• As in 2018, the majority of affected people surveyed feel safe both in their day-to-day lives and when accessing aid (86% and 91%, respectively). Respondents are similarly positive (92%) about their ability to move around the country freely. Few people identified the security situation as an impediment.
• The relationship between aid providers and affected people remains positive. Ninety-two percent of affected people say they are treated respectfully, and 93% say they believe aid workers have their best interests at heart.
• While 80% of affected people feel their opinions are considered by aid providers, almost two-thirds (63%) do not know how to make suggestions or complaints about the aid they receive. Over the last three years, there has been a steady decrease in the proportion of people who say they know how to make a complaint – from 49% in 2017 to 44% in 2018 and 37% in 2019.
• This is in contrast to affected people’s awareness around reporting abuse or mistreatment by agency staff. The majority (83%) of affected people surveyed feel able to report misconduct by humanitarian staff.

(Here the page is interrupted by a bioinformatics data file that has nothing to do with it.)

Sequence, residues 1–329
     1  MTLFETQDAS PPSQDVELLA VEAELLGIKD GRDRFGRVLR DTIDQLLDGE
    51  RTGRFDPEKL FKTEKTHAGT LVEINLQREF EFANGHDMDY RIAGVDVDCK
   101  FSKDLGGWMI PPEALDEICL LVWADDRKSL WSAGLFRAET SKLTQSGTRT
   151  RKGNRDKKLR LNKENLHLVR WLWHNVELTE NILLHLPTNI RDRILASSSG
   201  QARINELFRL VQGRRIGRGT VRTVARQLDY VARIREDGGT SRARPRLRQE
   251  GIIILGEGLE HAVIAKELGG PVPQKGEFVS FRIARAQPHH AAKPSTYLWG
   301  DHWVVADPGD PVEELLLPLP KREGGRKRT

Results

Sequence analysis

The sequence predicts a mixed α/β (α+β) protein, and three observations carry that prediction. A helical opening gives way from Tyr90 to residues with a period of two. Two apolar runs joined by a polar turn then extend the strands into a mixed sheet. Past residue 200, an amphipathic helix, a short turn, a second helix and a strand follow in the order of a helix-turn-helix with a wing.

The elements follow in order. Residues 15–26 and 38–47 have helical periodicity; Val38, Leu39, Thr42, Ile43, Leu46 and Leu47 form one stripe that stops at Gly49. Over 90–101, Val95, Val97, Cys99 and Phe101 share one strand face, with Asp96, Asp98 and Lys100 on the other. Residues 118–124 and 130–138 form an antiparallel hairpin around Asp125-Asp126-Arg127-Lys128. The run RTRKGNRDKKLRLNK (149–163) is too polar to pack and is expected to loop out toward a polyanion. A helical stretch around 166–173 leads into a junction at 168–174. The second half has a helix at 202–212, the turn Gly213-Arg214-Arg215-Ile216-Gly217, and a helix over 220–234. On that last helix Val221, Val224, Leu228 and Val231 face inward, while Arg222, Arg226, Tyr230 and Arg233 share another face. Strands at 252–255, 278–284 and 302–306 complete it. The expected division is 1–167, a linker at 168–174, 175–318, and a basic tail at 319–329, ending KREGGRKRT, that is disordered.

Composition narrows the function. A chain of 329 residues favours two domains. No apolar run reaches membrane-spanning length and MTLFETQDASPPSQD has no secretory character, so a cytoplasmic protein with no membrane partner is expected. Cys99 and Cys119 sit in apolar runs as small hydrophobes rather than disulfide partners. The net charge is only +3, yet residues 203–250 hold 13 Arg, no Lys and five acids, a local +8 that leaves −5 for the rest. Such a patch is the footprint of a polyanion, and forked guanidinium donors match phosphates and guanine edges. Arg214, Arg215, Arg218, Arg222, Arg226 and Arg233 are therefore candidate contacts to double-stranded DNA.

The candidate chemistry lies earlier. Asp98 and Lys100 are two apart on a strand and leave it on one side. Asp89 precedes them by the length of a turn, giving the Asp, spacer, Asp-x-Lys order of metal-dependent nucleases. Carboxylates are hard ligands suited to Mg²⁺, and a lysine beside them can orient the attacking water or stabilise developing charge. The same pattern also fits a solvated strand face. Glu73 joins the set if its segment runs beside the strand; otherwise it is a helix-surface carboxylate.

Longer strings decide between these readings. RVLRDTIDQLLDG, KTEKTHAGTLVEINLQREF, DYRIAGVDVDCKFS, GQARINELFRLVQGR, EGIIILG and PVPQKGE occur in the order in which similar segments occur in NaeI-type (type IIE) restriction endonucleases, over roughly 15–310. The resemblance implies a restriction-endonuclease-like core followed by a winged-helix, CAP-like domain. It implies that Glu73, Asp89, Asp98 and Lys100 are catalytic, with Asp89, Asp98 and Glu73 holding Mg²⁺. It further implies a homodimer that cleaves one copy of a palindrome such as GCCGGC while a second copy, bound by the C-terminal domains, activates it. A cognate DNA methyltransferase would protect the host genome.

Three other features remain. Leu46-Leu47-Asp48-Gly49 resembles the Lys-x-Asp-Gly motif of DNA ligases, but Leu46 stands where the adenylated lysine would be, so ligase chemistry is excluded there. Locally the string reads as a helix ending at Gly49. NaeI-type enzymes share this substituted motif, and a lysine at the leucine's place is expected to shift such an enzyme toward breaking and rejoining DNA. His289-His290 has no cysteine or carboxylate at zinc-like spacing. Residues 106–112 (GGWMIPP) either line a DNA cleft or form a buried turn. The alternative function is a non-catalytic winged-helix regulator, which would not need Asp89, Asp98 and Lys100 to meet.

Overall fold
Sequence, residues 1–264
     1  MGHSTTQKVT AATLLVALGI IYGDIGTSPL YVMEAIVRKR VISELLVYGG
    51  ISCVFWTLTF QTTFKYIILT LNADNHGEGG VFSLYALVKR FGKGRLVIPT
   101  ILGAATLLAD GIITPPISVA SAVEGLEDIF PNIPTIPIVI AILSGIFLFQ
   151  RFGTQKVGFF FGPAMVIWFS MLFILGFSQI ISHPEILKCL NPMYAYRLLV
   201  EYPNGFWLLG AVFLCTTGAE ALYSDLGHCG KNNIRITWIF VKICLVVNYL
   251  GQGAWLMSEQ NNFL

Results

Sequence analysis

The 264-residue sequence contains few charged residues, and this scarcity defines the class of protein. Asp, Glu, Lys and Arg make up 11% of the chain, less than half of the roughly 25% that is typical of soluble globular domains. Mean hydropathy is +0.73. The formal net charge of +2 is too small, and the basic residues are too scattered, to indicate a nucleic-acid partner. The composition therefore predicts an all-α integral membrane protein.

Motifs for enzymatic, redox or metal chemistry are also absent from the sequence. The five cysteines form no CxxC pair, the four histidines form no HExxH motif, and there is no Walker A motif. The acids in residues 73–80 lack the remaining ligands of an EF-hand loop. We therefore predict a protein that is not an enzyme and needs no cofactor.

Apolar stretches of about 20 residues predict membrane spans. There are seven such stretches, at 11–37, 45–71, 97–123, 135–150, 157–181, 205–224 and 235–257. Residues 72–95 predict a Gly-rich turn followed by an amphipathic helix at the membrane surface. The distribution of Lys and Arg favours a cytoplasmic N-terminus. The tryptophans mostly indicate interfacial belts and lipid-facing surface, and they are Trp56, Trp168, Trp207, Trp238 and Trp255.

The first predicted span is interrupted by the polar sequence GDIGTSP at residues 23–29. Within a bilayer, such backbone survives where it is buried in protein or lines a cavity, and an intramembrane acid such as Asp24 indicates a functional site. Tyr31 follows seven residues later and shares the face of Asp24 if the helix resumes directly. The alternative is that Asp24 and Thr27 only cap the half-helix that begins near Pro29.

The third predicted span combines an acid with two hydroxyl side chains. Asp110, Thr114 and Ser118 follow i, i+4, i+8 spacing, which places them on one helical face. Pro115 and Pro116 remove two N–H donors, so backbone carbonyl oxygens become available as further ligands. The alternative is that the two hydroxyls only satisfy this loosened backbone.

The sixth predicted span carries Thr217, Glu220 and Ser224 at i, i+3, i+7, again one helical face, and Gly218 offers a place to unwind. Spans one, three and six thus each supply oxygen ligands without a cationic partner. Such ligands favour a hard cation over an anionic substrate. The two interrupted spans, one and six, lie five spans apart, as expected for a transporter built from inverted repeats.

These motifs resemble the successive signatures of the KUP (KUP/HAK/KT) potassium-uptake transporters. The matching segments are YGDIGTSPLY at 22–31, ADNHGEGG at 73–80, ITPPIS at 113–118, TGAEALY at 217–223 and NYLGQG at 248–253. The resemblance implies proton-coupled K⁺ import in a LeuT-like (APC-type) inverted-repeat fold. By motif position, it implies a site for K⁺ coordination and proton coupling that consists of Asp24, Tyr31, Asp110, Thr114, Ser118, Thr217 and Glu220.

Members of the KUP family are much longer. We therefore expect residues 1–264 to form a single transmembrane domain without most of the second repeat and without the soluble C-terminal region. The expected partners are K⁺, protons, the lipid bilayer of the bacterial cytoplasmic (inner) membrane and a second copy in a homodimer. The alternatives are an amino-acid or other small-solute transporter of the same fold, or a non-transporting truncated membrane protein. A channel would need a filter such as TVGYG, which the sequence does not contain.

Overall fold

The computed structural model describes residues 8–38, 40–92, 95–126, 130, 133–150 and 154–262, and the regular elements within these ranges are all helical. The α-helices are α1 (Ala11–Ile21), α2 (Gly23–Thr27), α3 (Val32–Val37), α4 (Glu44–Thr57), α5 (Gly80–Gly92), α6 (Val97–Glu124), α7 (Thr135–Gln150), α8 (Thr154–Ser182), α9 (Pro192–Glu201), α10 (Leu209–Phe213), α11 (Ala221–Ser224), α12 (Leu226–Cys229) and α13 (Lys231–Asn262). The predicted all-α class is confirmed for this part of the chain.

• Almost half (43%) of the affected people surveyed say that important needs remain unmet. They highlight cash, food, and health services as being insufficiently provided by aid agencies.
• Most respondents (79%) are aware of the aid and services available to them, and 65% say aid goes to those who need it most.
• In line with the findings from 2018, 44% of respondents say that aid does not empower them to live without humanitarian assistance in the future. They call for more focus on income-generating activities, education, and vocational training to increase self-reliance.
• Fifty-seven percent of survey respondents are confident that people’s lives are improving in Somalia/Somaliland.